Today's guest is Erin M. Blakemore. She learned to drool over Darcy and cry over Little Women in suburban San Diego, California. These days, her inner heroine loves roller derby, running her own business, and hiking in her adopted hometown of Boulder, Colorado. 
The Heroine’s Bookshelf, her first published book, is an exploration of classic heroines and their equally admirable authors,   it shows today’s women how to tap into their inner strengths and live life with intelligence and grace. 


Read Erin's post, leave a comment + your e-mail address and you'll have the chance to win a copy of
The Heroine’s Bookshelf. The contest is open worldwide and ends December 22nd.

There’s a terrible, little-mentioned side effect of writing a book about your literary heroines.  Over time, it manages to ruin all your excuses. 
To wit:  it is almost impossible to lament that you haven’t been able to get to the post office when you know that Louisa May Alcott had to tramp across a muddy field and take an uncomfortable coach to get to town.
It’s hard to complain about being poor when you know that Alice Walker’s parents could not pay for medical care when she was shot in the eye by a brother’s BB gun. 
Lack of inspiration starts to seem trivial when you consider that Laura Ingalls Wilder, Lucy Maud Montgomery, and Frances Hodgson Burnett wrote their books at phases of emotional prostration and in the face of extreme physical, financial, and emotional odds. 
I point out these facts not to depress, but to point out that a certain lack of romance, that sense of going through the motions, is A-OK.  We’ve been fed the line about divine inspiration, pretty muses and lofty Writing Experiences for so long that it’s easy to get bogged down.  In my experience, “I can’t” raises her head whenever anything, be it a bad cold or the fantasy of a writer’s life, gives her an in.
“If you think, from this prelude, that anything like a romance is preparing for you, reader, you never were more mistaken,” wrote Charlotte Brontë in the preface to her novel Shirley in 1849.  “Do you anticipate sentiment, and poetry, and reverie?  Do you expect passion, and stimulus, and melodrama?  Calm your expectations; reduce them to a lowly standard.  Something real, cool and solid lies before you; something unromantic as Monday morning.”

Don’t accuse poor Charlotte of being bitter; after all, she did lose three of her dearest siblings within one miserable year at Haworth.  To be sure, she wrote these lines at an all-time low in her personal life.  But the girl has a point.  What if you could exchange something sentimental for something real?  To me, exchanging my fantasies about writing for the reality of writing – challenging, maddening, distressing, infuriating, and fun – means the writing gets done.  I wouldn’t trade it for the world.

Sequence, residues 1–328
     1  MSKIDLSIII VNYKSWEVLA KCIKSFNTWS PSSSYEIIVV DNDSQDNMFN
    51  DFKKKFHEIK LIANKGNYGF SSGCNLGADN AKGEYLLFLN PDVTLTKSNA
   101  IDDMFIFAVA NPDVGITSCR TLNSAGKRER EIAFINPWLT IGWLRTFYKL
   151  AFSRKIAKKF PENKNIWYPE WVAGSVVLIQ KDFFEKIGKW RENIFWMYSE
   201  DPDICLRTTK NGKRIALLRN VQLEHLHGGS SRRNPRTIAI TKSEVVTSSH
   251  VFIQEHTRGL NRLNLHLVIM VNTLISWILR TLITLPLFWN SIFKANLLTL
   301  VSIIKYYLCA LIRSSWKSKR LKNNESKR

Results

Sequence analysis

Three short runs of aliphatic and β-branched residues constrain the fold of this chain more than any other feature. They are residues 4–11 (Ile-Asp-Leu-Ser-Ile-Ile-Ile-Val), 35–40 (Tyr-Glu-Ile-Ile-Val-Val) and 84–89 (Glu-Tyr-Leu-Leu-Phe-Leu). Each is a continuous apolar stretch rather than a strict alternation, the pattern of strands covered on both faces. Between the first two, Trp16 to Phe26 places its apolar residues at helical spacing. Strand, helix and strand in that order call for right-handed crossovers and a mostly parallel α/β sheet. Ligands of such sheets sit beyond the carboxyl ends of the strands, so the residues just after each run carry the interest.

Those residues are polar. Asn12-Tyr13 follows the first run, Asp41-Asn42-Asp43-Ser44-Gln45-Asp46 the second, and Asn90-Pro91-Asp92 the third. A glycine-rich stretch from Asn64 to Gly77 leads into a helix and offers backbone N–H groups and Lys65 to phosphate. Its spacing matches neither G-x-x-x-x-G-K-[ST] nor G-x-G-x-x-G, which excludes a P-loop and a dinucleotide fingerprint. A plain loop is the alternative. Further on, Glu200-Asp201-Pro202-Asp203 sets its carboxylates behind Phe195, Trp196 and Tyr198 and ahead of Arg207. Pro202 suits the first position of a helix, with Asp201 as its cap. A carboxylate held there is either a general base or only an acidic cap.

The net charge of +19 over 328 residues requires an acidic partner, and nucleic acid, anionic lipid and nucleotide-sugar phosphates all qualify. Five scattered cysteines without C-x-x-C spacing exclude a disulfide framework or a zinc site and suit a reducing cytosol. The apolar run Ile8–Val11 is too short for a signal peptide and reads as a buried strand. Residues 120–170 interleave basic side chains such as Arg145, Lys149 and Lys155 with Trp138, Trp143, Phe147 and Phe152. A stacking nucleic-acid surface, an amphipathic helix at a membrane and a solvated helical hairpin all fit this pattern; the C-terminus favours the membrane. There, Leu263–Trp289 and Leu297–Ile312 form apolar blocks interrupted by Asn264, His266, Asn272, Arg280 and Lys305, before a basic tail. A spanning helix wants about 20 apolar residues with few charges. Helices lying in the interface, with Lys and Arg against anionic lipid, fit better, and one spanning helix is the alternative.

Erin M.Blakemore


Mystica said...

Thank you for this post. Thanks also for making it open to all. Much appreciated.


~ Babs ~ said...

This was a great read thanks for posting.


Laura said...

Thanks so much. I always believe the "romantic" writers such Jane Austen, The Brontes and the likes were so good at imagining those beautiful stories because of the struggling and/or the lack/misfortune of romance that their lives had.
Writing, romance/drama whatever, was their release. A way to live a life out of her real ones.

Belén said...

Thanks for this post & giveaway and also thank you for doing it worldwide, I appreciate it^^.

Regarding to the author, her words are so true!It seems a really great and interesting book.

My email: otroscuentos@hotmail.es

Suwaida said...

Funny and insightful! Mostly honest!


Margay Leah Justice said...

This sounds like a fantastic book! Especially since I'm a writer, this would be of great assistance in my writing. More important, I am an avid reader and I love reading about the people who create the heroines - and heroes! - I love.


Susan Kaye said...

So, all my whining and complaining is just that and not the soul of an artist in turmoil. *sigh* Back to work.

Susan Kaye

JaneGS said...

Great post, Erin. The reality and the romance of the writing life don't always jive, but your heroines (the literary ones and their creators) did what it took to get the job done and so can we!

BTW, Maria--don't sign me up to win Erin's book because I already have my signed copy and it's fabulous!

Really enjoyed this post--good job, Erin.

Cassandra said...

I'd love to join the giveaway--- if this is the right place to do it.

My email address is cassie(at)literaryladies(dot)com

maribea said...

I like the strength your words can communicate, Erin. Congratulations on your book. And, of course, I would be happy to read it.

Monica said...

Beautiful post. I am really interested in reading your book about all those wonderful women: real or fictional.

E-mail: moon.card@yahoo.com

Jasmine1485 said...

I really enjoyed this post and it definitely made me stop and think :) Thank you for the thought-provoking words and for making this giveaway international.

Kate1485 at hotmail.com

The Twisted Red LadyBug / Anda Alexandra said...

I just finished reading a biography of the life of Charlotte Bronte... it quite puzzled me and brought another light over her writings... After it, I started again "Jane Eyre" and I love thinking her as little Jane, plain and small :) but with such force and vigour...